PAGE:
LOS ANGELES – Mom and pop shops are the backbone of the L.A. economy, but when COVID-19 hit, retailers deemed nonessential had to close. Jim Winstead is co-owner of Raw Materials, an art supply store in Downtown, and he recently moved to a new larger space less than a year ago.

What You Need To Know

  • Mom and pop shops are the backbone of the L.A. economy

  • Many deemed non-essential forced to close

  • Hoping to survive once stay at home order is lifted

  • Only 3% of small businesses in California received funds.

“One of the reasons we moved into this space is to have a classroom available so we can do classes,” said Raw Materials Art Supplies co-owner Jim Winstead. “We’ve hosted a calligraphy workshops and we plan to do so much more and we had to shut down because obviously you can’t social distance in a small classroom full of artists.”

Winstead asked the city if he could offer curbside pick-up, but was told no and then explored shipping online directly from his wholesalers, but he ran into a few obstacles.

“Part of what we do is collect things from different suppliers and really curate what we sell here so there’s not one source we can point to they can ship it all for us,” said Winstead.


Then both warehouses closed due to possible exposure to COVID-19. Winstead couldn’t fulfill online orders even if he wanted to.

“We don’t know if they’re going to hit a problem again, if somebody else is getting exposed and they’ll have to shut down for safety,” said Winstead. “If we’re taking orders, how are we going to fulfill that if we can’t do that?”




“It’s just heart-breaking because we have a whole store full of products that we can’t sell,” added Raw Materials co-owner and wife, Celia Esguerra.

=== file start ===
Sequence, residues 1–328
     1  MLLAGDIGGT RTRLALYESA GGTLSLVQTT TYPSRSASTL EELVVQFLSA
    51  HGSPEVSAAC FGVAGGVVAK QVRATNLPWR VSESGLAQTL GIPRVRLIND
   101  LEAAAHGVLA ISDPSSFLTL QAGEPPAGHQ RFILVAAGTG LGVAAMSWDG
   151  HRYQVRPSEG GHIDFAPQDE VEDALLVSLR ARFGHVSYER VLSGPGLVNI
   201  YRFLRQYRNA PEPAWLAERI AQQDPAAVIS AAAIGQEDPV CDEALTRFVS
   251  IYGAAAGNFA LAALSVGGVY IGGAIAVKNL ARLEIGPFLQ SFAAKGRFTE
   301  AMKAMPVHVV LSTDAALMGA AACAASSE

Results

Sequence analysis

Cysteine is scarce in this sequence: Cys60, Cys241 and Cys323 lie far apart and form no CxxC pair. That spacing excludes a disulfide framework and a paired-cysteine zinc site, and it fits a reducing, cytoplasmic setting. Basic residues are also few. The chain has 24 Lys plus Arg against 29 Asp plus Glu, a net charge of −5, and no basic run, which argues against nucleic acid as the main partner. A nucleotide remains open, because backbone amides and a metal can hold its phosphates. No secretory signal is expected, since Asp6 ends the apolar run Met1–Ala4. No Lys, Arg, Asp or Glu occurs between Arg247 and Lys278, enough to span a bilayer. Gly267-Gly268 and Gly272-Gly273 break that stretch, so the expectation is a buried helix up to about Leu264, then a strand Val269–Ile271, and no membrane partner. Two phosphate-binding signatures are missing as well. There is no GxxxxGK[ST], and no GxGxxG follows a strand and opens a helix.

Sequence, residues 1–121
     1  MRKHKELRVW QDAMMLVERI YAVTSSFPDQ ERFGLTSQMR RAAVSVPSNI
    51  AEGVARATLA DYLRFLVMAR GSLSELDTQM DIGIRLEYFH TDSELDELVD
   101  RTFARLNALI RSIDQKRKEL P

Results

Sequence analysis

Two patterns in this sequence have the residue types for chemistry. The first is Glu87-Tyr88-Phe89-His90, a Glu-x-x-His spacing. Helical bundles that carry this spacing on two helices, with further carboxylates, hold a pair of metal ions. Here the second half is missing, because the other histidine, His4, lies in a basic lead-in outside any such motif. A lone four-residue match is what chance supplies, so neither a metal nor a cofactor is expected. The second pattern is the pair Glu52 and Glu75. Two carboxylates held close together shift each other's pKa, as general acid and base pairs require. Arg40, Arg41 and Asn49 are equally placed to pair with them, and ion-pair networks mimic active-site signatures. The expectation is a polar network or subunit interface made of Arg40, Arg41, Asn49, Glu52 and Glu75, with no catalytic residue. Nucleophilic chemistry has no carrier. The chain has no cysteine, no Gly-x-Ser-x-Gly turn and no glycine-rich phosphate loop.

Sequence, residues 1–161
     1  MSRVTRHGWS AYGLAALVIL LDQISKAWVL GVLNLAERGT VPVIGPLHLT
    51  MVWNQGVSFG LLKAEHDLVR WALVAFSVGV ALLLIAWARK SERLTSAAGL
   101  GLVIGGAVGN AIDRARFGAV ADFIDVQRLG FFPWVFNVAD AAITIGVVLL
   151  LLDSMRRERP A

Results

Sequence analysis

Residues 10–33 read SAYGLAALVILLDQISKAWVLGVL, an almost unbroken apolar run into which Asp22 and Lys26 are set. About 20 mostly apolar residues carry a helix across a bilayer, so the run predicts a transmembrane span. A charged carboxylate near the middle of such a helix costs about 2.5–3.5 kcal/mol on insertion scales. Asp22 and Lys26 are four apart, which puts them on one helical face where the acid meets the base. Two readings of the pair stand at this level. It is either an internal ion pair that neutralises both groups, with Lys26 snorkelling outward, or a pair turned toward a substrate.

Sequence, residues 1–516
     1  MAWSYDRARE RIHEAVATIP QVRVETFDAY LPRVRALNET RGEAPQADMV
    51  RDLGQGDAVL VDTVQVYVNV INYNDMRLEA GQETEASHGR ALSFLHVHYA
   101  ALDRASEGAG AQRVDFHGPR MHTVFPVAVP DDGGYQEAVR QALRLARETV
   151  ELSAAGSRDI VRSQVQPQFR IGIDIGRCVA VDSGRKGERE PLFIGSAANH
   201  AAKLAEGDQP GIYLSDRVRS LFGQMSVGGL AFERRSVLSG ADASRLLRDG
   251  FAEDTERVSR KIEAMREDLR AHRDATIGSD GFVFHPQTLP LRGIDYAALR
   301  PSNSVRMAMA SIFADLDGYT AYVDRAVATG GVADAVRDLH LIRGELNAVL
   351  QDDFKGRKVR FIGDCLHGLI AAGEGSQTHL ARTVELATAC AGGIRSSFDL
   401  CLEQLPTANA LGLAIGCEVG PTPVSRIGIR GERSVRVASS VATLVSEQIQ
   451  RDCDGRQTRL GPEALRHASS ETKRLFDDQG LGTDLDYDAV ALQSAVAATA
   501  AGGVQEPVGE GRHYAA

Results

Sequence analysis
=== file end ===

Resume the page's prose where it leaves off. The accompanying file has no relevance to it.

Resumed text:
So in the meantime, they’re staying busy. Stocking, cleaning, and clearing.

“One thing I do want to make sure we stay on top of is our social media,” said Esguerra.

They applied for the Paycheck Protection Program, but the money ran out at their bank. Only 3 percent of small businesses in California received funds. Their biggest concern are their customers who couldn’t get access to funds either.

“A lot of our customers are small businesses themselves whether it’s an individual artist or it’s a small design shop or a small photography studio,” said Winstead. “Those are the people that are struggling to get access to these loans.”

Winstead and Esguerra have been in business for 10 years and are confident they will survive, but they worry for their neighboring small businesses.

“I hope in the end that we come out of this that we can get back to being a part of the arts community and supporting the arts community which is such a huge part of Los Angeles and it would be a shame at the end of this if there weren’t small business like us that we’re a part of that community,” said Winstead.

Shop local everyone.